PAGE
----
To Bennett, living with Chiari has been a positive character building experience; it gave him an opportunity to learn more about his condition and ultimately motivated him to pursue a career in medicine. One of his long-term goals is to use his experience as a Chiari patient to become a passionate and supportive health care provider.

“Focusing on the positives has been very important to me. Prior to now, I was overwhelmed by a lot on my Chiari journey, but my family always pulled me out of the darkness and supported me. James chapter 1 verses 2-4 was also a large source of inspiration: ‘Consider it pure joy, my brothers, whenever you face trials of many kinds, because you know that the testing of your faith develops perseverance. Perseverance must finish its work so that you may be mature and complete, not lacking anything.’ I’m a lot stronger because I had and still have an immense amount of support and love; and today, I have the opportunity to demonstrate that strength to help others in need.”

In the spirit of lending strength, Conquer Chiari has also been blessed to have Bennett as the New Orleans Chiari Walk organizer in 2013. He stumbled on our website last year and instantly wanted to become involved because he wished to meet more individuals that had similar experiences related to Chiari. Furthermore, he hoped for comfort and support from Louisiana’s Chiari community.

“Conquer Chiari has been a gigantic help in bringing tons of people together—not just Chiarians, but families and friends of Chiarians and the general public as well. Finding a helpful and beneficial resource for those with rare conditions are sometimes difficult to locate, but I know that I can count on Conquer Chiari for the latest research.”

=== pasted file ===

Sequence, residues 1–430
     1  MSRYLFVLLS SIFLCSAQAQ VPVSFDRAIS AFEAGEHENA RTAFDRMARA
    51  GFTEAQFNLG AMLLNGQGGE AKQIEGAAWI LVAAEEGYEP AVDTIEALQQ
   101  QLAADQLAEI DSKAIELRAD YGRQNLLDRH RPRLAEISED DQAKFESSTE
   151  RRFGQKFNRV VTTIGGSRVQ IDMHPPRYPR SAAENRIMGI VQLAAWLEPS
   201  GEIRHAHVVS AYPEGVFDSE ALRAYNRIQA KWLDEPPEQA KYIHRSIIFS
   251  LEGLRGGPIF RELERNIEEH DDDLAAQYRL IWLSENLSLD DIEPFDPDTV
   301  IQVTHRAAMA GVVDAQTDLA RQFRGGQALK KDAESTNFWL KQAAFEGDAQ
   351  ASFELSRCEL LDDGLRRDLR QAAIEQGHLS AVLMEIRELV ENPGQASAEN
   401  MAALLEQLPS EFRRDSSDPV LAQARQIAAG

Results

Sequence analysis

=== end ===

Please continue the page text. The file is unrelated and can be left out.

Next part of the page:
In the fall (2014), Bennett will begin his 3rd year of medical school at Louisiana State University’s Health and Science Center in New Orleans. In two years, he will be changing the world for the better with his personal and professional experiences. In the future, he also hopes that he will continue to be stable without symptoms.

“I’m pretty content with where I am at right now. Understanding and managing Chiari has affected me a lot, but staying positive has allowed me to start a new chapter in my life—giving back to others who need support, love, encouragement, and most of all hope.”

Jennifer Eubanks

Jennifer Eubanks
Chiari Community Columnist

Ms. Eubanks is a professional writing and research scholar from Purdue University Northwest. After being diagnosed with a Chiari I Malformation in 2011, she quickly decided that being conquered was not an option—she was committed to fight and pursue a budding love of healthcare/medical writing. Spreading awareness and hope to others battling Chiari is her largest motivator alongside educating others who have not heard about the condition. Reporting for Ideas in Motion Media and tutoring at the Writing Center (Purdue University North Central) has been immensely beneficial to her success as well as all the remarkable individuals who helped her become the composer and analyst she is today.